Web Lending?s Next Hurdles
January 18, 2002
Major Brands Report Profitability, But Face Possible Higher Interest Rates, Privacy Concerns
By Warren Lutz
Inman News Features
The online mortgage industry finally may have found a profit margin last year, but other obstacles--including the possibility of higher interest rates--may loom ahead.
Matt Carrick, a financial services analyst with Gomez Inc., said the low mortgage rates that fueled the early growth of such companies as E-Loan and QuickenLoans through mortgage refinancings probably won?t last much longer.
"The big thing going forward is to really try to get (the volume of) purchase mortgages up," Carrick said. "Let?s face it, it?s a rate game."
Craig Focardi, a senior analyst with The Tower Group, agreed. "When (the refi) boom subsides, these firms will need to constantly refine their technology," he said.
And other hazards for Web lenders remain, both analysts said, even though several leading brands in the industry are coming off their best year ever.
QuickenLoans and E-Loan reported record loan volumes last year and claim to be profitable businesses. LendingTree, another popular mortgage-related Web site, also recorded record volume and lower expenses.
"It was a good year, where the suriving firms began to consistently realize financial benefit from their technology investment," said Focardi.
Yet Focardi said online lenders increasingly find themselves competing with large financial institutions that provide home loans through telemarketing and retail locations.
And Carrick said dot-com lenders face more competition from traditional banks with maturing clicks-and-bricks strategies.
Banks like Washington Mutual and Countrywide are "already reaping dividends from an online strategy both through cost savings and originations," he said.
Nevertheless, E-Loan CEO Chris Larsen said the company proved last year that "fundamentally, the online model can and does work."
"It was really a pivotal year for us," Larsen said.
E-Loan last month announced its 2001 mortgage loan volume had passed $2.5 billion, a 140 percent increase compared with the same period in 2000. Larsen said the company is now profitable--and not merely on the basis of pro forma figures, which are based on partially on projections. A number of dot-com companies have used pro forma figures to polish their financial reports, but that practice is controversial.
Larsen also said E-Loan reduced its costs of providing a mortgage last year to below industry averages.
He believes the refinancing boom will subside this quarter, but he said E-Loan?s other product lines--auto, home equity and student loans and credit cards--should help shoulder the weight.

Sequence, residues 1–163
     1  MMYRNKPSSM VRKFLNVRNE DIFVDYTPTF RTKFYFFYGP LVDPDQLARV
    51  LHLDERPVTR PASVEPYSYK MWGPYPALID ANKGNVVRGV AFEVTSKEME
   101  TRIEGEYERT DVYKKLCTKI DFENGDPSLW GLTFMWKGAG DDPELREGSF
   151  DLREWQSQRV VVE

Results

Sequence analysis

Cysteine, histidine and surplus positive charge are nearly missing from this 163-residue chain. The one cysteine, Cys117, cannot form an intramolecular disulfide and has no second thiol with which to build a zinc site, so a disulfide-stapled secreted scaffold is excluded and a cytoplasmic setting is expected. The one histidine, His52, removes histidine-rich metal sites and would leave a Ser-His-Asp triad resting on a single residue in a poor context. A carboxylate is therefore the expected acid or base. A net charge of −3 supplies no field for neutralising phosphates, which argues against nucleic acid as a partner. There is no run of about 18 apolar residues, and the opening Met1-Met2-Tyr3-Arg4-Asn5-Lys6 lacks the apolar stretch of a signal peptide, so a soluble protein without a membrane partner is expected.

Mortgage refinancing represented 56 percent of Dublin, Calif.-based E-Loan?s revenues for last year?s third quarter, he said.
"One of the things we continually have to prove to the market is that we?re viable in any kind of interest rate market," Larsen said.
Carrick said dot-com lenders can help protect themselves from higher mortgage rates by offering other financial products, like E-Loan does.
"The firms that are just offering mortgages online and haven?t really diversified their product set will be the ones to struggle as time moves forward," Carrick said.
Dan Gilbert, QuickenLoans? president and CEO, countered that diversification doesn?t always succeed. Livonia, Mich.-based QuickenLoans doesn?t offer credit products other than mortgages and home equity loans on its Web site.
"The ones that try to refocus themselves will lose focus and not be able to execute," Gilbert said.
Originally Rock Financial and now a subsidiary of Intuit, QuickenLoans is profitable, according to Gilbert. The company reported $3.1 billion in mortgage volume during the fiscal year ended July 30 and another $1.2 billion in the first quarter of 2002.
"We?re very excited about the year we had," Gilbert said.
Gilbert added QuickenLoans plans to tap into Intuit?s four million Quicken software users and become the first Web site to let borrowers digitally sign loan applications.
Yet the biggest factor preventing the growth of online lending may be largely out of the lenders? control.
Focardi said online mortgage growth depends on consumer "trust in the channel and privacy of their data entered over the Web." Most research, he said, shows that no more than 2 percent of mortgage shoppers actually apply online.
Carrick adds: "It comes down to how easy (Web lenders) make the online application and how good of a job they do in enticing customers and instilling customer confidence."
E-Loan has fought to give consumers access to their own credit scores, and Larsen believes a national law protecting consumer privacy would help resolve the trust issue.
"We need a knockout blow on privacy," he said. "Privacy is the biggest reason why people won?t make the jump (to applying online for a mortgage)."
Copyright: Inman News Service
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